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Did Mötley Crüe replace Nikki Sixx with a teenaged alcoholic Satanist clone in 1983?

June 15th, 1983 was just another blurry day in Mötley-land. The up n’ coming sleaze-stars of the Crüe were just about finished recording their breakthrough sophomore album Shout at the Devil and were doing what they did best: drugs. Lots and lots of drugs. After bassist Nikki Sixx and drummer Tommy Lee spent the afternoon snorting coke off a friend’s grand piano and banging a bunch of groupies in a hot tub, Sixx decides to hop into his Porsche—naked, of course—and speed over to ex-Runaway Lita Ford’s house. He never made it. Barreling down the city streets at excess of 90 miles per hour, Sixx hit a telephone pole and totaled his car. He was discovered by some helpful passersby, who pulled his limp body from the wreckage and got him to a hospital. Amazingly, his only major damage was a separated shoulder, and he recovered quickly enough to hit the road for the first leg of the lengthy Shout world tour.

Matthew Trippe…or Nikki Sixx? You decide!
That’s what “they” want you to think, anyway. But that’s not the way Matthew John Trippe remembered it at all…

Trippe was an alcoholic teenage Satanist when he ran into Crüe guitarist Mick Mars at the Troubadour on the Sunset Strip in the spring of ‘83. Mötley, according to Trippe, was looking for a Nikki Sixx clone to cover while the real Sixx was in the hospital recovering from his car crash. Despite the fact that Trippe didn’t really look like Nikki at all and couldn’t play the bass and didn’t even know their songs, he joined the band, toured the world, wrote and recorded half of the Theater of Pain record, and was left high and dry a year later when he was arrested for robbing a magazine stand in Florida for beer money and the now-mended Nikki Sixx rejoined the band.

If this sounds fucking insane to you, well, it seemed that way to the courts too, who tossed out his suit against Mötley Crüe manager Doc Mcghee in 1988.

The “best” proof of the “fake” Nikki Sixx.
Here’s the thing, though. Trippe—who died in 2014 still defiantly telling the world he was the 80s Nikki Sixx—was a boozy, druggy liar, for sure. But so was everybody else in that organization back then. There are enough kinda-sortas to the story (Kerrang! magazine even published a five-page article filled with puzzling evidence) to keep conspiracy theorists going probably forever. And here’s the thing: I saw Vince Neil perform in Oklahoma (don’t ask) in 2007. He did all Mötley Crüe songs, of course, moldy oldies like “Girls, Girls, Girls” and “Live Wire,” but he would only sing the choruses. He would just mumble through the verses. So either this bloated dummy onstage was so wine-soaked at that point that he didn’t even know the words to the songs he’s been singing for thirty years, or they just got a Vince Neil doppelgänger for the gig who didn’t do his homework.


Posted by Ken McIntyre | Leave a comment
‘Excess All Areas’: Mötley Crüe Vibrators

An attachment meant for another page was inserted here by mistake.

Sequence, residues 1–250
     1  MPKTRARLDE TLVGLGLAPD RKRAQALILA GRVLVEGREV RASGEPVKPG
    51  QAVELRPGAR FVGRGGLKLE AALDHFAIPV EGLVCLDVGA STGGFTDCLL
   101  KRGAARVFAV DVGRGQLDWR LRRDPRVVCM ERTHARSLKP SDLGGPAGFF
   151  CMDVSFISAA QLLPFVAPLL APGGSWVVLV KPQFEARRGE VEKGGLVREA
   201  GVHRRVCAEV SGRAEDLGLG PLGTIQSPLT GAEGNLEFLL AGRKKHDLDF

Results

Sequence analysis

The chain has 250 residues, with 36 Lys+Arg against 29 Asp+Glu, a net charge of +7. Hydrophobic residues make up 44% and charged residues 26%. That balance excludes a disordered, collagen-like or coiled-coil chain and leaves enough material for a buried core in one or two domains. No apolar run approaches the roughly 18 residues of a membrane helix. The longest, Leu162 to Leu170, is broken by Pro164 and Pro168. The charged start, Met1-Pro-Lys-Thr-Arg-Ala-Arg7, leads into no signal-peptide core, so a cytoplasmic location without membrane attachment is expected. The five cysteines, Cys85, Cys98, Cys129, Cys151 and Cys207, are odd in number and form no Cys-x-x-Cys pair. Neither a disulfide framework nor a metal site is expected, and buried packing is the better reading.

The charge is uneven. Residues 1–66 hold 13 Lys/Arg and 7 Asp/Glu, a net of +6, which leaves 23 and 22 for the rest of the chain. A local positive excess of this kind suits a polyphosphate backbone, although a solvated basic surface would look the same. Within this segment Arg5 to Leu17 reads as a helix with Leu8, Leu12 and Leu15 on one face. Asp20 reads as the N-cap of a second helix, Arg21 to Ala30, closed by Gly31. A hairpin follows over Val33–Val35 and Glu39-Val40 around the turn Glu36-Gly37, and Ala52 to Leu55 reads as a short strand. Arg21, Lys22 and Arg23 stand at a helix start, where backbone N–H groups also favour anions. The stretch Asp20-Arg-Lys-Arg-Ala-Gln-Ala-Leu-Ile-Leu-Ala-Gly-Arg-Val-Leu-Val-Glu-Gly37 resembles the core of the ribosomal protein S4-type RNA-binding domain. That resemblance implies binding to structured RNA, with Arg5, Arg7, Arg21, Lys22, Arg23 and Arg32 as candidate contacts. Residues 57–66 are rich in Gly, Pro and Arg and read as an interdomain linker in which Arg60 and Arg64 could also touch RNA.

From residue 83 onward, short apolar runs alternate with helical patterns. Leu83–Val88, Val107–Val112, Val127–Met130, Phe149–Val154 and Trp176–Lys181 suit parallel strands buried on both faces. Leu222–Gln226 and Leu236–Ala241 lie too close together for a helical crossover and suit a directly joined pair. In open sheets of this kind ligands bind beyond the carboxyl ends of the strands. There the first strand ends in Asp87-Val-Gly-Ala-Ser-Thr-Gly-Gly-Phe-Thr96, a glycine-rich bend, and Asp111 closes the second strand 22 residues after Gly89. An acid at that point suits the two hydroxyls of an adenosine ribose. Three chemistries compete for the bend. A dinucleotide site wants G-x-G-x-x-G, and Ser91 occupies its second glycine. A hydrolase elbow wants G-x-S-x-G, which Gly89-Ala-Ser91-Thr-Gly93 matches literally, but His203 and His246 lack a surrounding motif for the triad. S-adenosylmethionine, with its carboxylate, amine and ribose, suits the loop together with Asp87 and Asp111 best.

10:23 am


Motley Crue

Mötley Crüe may be no more but they still have plenty of merchandise to sell.

Next month a range of eight Mötley Crüe Vibrators go on sale. These “eye-catching” (eye-catching? you’re obviously doing it wrong…) “vibes” are said to “capture”:

...the style and sex appeal of the band perfectly and deliver the power and pleasure you’d expect from The World’s Most Notorious Rock Band.

But wait there’s more…

Even those unfamiliar with the band are bound to enjoy them just as much thanks to the high quality, intense power and gorgeous designs.

The “vibes” are available in mini- and midi-size and are emblazoned with the iconic typography and distinctive artwork from some of Mötley Crüe’s classic albums:

Classic Skull 10 Function Bullet Vibrator (Gold)
Classic Skull 7 Function Vibrator (Black)
Dr Feelgood 7 Function Vibrator (Black)
Girls Girls Girls 10 Function Bullet Vibrator (Black)
Girls Girls Girls 7 Function Vibrator (Black)
Shout at the Devil 10 Function Bullet Vibrator (Pink)
Shout at the Devil 7 Function Vibrator (Black)
Too Fast For Love 10 Function Bullet Vibrator (Silver)

It would seem you’re not really successful unless you have a vibrator named after you.
More ‘eye-catching’ Mötley Crüe vibes, after the jump…

Posted by Paul Gallagher | Leave a comment
Slayer’s Tom Araya belting Motley Crue, Priest, and Dio covers in 1983
08:41 am


Judas Priest
Motley Crue
Tom Araya

Watch these sick videos of Slayer’s Tom Araya performing covers of Mötley Crüe, Scorpions, Judas Priest and Dio along with his brother John Araya on guitar.  Al Messi plays Bass and Jake Alvarado is on drums. Dimitri Galeos, the uploader of these clips, plays second guitar.

One of the clips dates these performances at November of 1983, which would have been a month before Slayer’s Show No Mercy dropped. Slayer themselves had included covers of bands like Priest and Iron Maiden in their sets, playing small clubs and parties around Southern California. 

It seems a bit odd, in retrospect, to see the singer of one of the quintessential American thrash bands performing songs that would be considered more “pop metal” by today’s standards. It should be noted that in the early ‘80s metal encompassed all of metal and metalheads often tended to embrace the full spectrum, much like punks in the early ‘80s tended to embrace anything under the banner “punk rock.” Once the mid ‘80s rolled around, you begin to see more splintering in both metal and punk scenes with offshoot genres springing up and fans gravitating toward their favored pigeon-holes. These clips represent a time of purity in the scene when basically anything went... as long as it was METAL (Insert falsetto wail here).

The videos, after the jump…

Posted by Christopher Bickel | Leave a comment